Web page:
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“I didn’t realise that Chiropractors treat shoulder pain” …. people often think of Chiropractors only treating sore backs and necks and not other joints. Chiropractors treat all the joints of the body. Some Chiropractors specialise in treating peripheral joint injuries such as shoulders and knees whilst others specialise in specific treatment types that can be very helpful in treating extremity injuries such as shoulder injuries.


At Peverell Chiropractic Clinic, Chiropractor Kevin Kelly has a vast experience in treating shoulder injuries and his particular area of interest the Myofascial Correction® technique he has developed incorporates Instrument Assisted Soft Tissue Mobilisation (IASTM), Kinesiotaping and Myofascial release, all of which are particularly useful for all types of shoulder, Sports and extremity injuries.

The extreme mobility present in the shoulder joint is due to several joints that function together smoothly forming the shoulder joint complex. This complex includes the sternoclavicular joint, the acromioclavicular joint, the glenohumeral (ball and socket joint), and a pseudo-joint often termed the scapulothoracic articulation. The ball and socket joint has a very shallow socket, it is this factor which makes the shoulder so flexible with it’s great range of motion but also makes it more prone to injury than some other joints.

As the shoulder ball and socket joint is very shallow, it is the surrounding muscles, tendons and ligaments that support the joint. Strains to these muscles and tissues can cause pain, injury and greatly reduced motion in the shoulder joint.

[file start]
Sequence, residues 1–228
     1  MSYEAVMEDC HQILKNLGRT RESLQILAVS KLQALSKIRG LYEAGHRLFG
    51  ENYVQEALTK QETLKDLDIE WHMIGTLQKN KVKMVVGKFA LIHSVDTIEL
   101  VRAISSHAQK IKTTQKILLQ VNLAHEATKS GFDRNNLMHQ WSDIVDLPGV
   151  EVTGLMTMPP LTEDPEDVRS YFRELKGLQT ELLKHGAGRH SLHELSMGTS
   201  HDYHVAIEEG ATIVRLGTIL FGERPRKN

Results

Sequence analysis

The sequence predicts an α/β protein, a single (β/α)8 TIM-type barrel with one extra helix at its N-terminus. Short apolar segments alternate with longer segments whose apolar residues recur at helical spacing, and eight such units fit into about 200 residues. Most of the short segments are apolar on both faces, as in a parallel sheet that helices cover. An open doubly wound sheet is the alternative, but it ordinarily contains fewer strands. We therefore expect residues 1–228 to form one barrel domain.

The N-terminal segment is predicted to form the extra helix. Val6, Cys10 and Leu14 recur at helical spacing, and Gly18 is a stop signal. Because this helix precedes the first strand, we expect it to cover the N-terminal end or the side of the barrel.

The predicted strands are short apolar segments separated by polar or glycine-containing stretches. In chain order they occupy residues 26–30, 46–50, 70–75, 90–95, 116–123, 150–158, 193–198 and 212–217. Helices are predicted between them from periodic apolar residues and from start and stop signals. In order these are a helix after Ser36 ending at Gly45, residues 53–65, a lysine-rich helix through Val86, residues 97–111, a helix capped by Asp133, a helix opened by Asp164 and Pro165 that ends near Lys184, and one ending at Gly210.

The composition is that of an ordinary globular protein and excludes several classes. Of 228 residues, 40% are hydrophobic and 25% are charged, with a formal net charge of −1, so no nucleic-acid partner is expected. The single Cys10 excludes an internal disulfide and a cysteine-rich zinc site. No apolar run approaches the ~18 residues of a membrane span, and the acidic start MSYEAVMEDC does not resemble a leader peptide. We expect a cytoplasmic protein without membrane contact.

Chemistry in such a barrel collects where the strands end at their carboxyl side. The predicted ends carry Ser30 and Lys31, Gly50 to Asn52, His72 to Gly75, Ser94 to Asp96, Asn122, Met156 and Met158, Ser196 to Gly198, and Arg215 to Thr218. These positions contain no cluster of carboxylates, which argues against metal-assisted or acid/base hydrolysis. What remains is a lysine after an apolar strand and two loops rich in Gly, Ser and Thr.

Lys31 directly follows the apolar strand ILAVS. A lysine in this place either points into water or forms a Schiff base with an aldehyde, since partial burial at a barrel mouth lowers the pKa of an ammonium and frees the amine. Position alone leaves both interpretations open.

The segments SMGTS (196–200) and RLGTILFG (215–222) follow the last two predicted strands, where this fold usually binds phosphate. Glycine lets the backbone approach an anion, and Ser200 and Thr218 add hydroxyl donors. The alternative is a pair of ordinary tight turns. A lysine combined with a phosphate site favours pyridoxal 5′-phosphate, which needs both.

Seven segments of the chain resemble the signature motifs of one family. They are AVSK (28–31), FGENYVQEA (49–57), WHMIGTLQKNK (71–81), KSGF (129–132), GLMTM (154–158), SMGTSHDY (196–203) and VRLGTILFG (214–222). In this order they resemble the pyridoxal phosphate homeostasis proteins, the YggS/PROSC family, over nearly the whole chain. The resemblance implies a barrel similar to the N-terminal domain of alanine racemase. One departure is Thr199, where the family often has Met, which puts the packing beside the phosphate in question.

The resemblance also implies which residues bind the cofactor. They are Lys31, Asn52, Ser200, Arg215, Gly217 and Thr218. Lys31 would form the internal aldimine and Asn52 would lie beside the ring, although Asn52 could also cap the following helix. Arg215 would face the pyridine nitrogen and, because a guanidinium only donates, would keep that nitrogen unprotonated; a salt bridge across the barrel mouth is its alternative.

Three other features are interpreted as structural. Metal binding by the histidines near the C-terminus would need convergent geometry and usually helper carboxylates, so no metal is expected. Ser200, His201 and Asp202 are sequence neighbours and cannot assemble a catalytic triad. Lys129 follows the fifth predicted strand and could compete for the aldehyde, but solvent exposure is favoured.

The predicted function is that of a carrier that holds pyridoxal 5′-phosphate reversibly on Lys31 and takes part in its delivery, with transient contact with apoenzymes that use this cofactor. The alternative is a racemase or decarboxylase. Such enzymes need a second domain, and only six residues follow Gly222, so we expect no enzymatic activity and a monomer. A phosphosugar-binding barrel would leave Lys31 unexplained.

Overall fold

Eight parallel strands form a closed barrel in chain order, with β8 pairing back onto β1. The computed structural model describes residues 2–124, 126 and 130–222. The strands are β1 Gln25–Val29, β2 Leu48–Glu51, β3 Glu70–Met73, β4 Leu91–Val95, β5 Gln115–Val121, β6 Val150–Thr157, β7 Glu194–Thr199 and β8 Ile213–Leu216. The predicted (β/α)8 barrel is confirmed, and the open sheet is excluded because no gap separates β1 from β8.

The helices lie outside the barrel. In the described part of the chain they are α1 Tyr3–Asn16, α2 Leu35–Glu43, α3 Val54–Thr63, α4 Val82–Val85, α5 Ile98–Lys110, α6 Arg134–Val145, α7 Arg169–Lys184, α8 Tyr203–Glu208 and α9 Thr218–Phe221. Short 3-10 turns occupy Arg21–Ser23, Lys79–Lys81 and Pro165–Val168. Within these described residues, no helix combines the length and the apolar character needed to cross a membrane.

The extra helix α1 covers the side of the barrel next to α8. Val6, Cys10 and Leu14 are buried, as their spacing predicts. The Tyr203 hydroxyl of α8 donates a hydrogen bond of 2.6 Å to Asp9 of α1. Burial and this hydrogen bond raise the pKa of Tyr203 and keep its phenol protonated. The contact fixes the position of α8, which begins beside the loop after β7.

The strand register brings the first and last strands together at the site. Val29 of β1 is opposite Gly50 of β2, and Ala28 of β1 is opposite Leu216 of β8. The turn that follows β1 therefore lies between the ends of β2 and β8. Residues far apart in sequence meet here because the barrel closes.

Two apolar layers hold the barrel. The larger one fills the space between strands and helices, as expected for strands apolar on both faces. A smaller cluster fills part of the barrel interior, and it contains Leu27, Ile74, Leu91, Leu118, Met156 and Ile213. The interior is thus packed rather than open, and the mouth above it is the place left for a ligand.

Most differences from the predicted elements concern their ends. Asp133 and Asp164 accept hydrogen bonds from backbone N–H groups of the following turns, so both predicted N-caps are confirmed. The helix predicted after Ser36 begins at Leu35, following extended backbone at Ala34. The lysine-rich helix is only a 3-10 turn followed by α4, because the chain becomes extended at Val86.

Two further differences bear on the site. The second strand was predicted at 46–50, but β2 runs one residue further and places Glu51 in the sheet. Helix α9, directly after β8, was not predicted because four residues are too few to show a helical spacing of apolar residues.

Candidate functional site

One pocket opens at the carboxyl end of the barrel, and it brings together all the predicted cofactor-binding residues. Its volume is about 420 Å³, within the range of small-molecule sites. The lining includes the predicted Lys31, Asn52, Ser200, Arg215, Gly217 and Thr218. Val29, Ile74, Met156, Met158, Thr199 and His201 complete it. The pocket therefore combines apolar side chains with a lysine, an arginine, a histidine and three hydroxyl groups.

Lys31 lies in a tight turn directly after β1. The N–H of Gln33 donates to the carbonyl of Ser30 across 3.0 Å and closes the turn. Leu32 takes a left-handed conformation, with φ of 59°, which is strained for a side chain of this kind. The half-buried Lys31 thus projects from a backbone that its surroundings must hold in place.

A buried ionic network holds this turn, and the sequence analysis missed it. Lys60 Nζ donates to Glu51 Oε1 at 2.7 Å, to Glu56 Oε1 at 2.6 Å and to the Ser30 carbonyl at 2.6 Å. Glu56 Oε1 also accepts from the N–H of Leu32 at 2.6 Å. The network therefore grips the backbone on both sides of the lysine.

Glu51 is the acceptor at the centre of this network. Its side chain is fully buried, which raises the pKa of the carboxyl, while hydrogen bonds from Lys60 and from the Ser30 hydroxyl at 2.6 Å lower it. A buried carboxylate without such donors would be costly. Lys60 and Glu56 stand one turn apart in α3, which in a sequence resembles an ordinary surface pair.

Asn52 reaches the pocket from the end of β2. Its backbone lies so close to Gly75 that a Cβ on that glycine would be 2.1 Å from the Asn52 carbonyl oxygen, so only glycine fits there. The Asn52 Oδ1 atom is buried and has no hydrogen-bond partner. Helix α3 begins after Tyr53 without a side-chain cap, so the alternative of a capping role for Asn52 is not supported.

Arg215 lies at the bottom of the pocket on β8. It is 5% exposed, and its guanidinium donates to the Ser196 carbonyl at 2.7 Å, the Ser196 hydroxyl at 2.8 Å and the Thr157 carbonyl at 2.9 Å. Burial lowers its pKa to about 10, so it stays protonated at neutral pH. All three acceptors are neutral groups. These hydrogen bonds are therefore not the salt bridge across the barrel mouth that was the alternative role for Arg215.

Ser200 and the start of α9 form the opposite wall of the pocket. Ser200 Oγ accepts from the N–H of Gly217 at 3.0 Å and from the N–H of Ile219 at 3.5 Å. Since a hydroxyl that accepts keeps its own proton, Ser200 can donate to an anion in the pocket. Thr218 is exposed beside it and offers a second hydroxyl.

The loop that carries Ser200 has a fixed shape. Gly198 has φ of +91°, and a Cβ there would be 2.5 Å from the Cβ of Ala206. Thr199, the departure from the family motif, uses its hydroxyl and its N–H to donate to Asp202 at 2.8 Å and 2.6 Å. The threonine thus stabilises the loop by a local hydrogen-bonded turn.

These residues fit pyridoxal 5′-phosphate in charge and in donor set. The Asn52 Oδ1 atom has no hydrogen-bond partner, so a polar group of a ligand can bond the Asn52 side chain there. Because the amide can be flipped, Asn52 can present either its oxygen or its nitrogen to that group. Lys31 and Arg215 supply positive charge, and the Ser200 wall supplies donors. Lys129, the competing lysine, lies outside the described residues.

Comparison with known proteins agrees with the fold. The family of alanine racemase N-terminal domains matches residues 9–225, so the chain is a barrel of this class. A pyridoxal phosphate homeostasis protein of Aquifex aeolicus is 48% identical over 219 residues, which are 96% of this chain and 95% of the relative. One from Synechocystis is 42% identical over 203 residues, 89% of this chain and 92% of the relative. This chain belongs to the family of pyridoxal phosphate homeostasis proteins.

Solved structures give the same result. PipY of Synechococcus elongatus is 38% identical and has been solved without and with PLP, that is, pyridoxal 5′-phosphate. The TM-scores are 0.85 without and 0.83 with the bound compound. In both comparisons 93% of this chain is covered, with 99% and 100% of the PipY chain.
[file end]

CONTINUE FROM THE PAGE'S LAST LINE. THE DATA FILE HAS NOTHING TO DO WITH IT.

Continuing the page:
Being able to mobilise and adjust the different joint complexes of the shoulder and upper, back and neck as well as using massage and soft tissue therapy enables a very effective treatment for shoulder injuries. Chiropractic for shoulder pain is certainly a sensible option.



A very common shoulder injury is a Rotator cuff injury. The rotator cuff consists of four muscles in total and these are the primary support and stabilising structure for the shoulder joint. Therefore, even just a minor injury such as a strain to one of these muscles may trigger a lot of pain. Injuries to the rotator cuff muscles may also cause arm weakness, and decreased athletic performance. More severe rotator cuff injuries may irritate the many nerves that pass through the shoulder joint structures, this is called a Rotator Cuff Impingement, and this may cause arm pain and tingling and or numbness in the arm and hand. With a rotator cuff injury pain causing disuse of the arm may eventually cause an adhesive capsulitis of the shoulder joint (see below).


Adhesive capsulitis (Frozen shoulder) is a condition that causes a contraction and inflammation of the joint capsule the protective capsule that surrounds every joint, this is a watertight sac that bathes the joint in synovial fluid, keeping it lubricated, chronic inflammation of the capsule can lead to the accumulation of scar-tissue within and around the joint this scar tissue can cause adhesions which “stick” this capsule to surrounding tissues.

The capsule also contracts limiting joint movement. Adhesive capsulitis can affect almost any joint in the body. However, the commonest joint it affects is the shoulder, if severe this is commonly termed a “Frozen Shoulder”

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